Tags and name calling..

By KAMAL IYER … F/Times, Saturday, September 06, 2008

“LEADERSHIP is about averting disaster, not creating the conditions in which it thrives. Creating an environment conducive to unity can be a slow process. There is no overnight solution. With genuine goodwill, united as a mighty collective force and a willingness to sacrifice personal gains in the national interest, we can succeed”. – Jai Ram Reddy – May 3, 1996.

The words of wisdom of the former NFP and Opposition leader Jai Ram Reddy are significant in the current environment where the interim regime is forcing its vision of a united Fiji down the throats of our citizens by telling us to digest the draft People’s Charter.

The regime is behaving in a manner similar to the popular Hindi proverbial saying, Chat mangni, pat viyah, meaning engagement and marriage at once. At the same time, the regime’s former Robin Hood, Fiji Labour Party Leader Mahendra Chaudhry is moving around the country like folklore story character Pinocchio – who in one of the many versions of the story was a military puppet whose nose grew in length each time he told a lie.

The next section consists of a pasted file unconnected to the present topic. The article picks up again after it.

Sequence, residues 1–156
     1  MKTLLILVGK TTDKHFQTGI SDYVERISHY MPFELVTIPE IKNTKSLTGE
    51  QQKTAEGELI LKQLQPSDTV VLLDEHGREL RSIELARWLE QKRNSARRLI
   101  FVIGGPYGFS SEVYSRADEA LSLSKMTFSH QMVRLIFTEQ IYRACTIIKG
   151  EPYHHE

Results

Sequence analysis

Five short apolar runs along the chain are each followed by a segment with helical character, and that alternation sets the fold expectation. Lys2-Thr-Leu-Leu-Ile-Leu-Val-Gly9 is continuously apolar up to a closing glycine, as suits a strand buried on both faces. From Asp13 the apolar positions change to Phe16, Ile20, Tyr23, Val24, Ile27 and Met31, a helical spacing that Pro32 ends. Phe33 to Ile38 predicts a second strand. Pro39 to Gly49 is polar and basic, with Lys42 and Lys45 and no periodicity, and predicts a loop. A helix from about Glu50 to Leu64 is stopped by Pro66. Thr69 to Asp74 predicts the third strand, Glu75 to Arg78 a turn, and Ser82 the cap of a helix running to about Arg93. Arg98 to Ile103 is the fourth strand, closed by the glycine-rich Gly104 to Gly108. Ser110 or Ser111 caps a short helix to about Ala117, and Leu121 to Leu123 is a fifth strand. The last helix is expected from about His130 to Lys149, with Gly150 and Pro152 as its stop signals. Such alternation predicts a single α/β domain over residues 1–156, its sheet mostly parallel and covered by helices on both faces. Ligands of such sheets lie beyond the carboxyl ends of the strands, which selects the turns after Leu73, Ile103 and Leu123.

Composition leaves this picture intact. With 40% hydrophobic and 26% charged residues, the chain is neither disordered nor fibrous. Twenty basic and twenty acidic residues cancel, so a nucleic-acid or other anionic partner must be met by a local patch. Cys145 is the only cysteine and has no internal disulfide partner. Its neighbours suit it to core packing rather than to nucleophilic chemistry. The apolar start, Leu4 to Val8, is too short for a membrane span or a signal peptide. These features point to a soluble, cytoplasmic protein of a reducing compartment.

The two scenarios are like the two sides of a coin currently being tossed with rapidity before Fiji’s citizens. But this time both the head and tail sides of the coin have catastrophic consequences for the social, political and economic recovery of Fiji from the edge of a never ending fall into the depths of chaos and disaster.

Having mixed the ingredients of the many unconstitutional provisions contained in the draft Charter, especially the proposals on the contentious electoral provisions and land lease legislation, Mr Chaudhry and his stage hands are now desperately trying every trick in the book to wash their hands off the draft Charter which threatens to derail the Constitution, politically dis-enfranchise the Indian and minority communities and relegate them to opposition in perpetuity in any Parliament elected under the draft Charter’s electoral provisions.

He has already started staging a familiar drama amongst the Indian electorate that only enhanced his personal ambitions in the past but permanently damaged race relations and harmony. Fijian leader Laisenia Qarase countered by playing similar tunes amongst the Fijian community, only to change to a more harmonious tune from May 2006 which was cut short by the fourth military coup.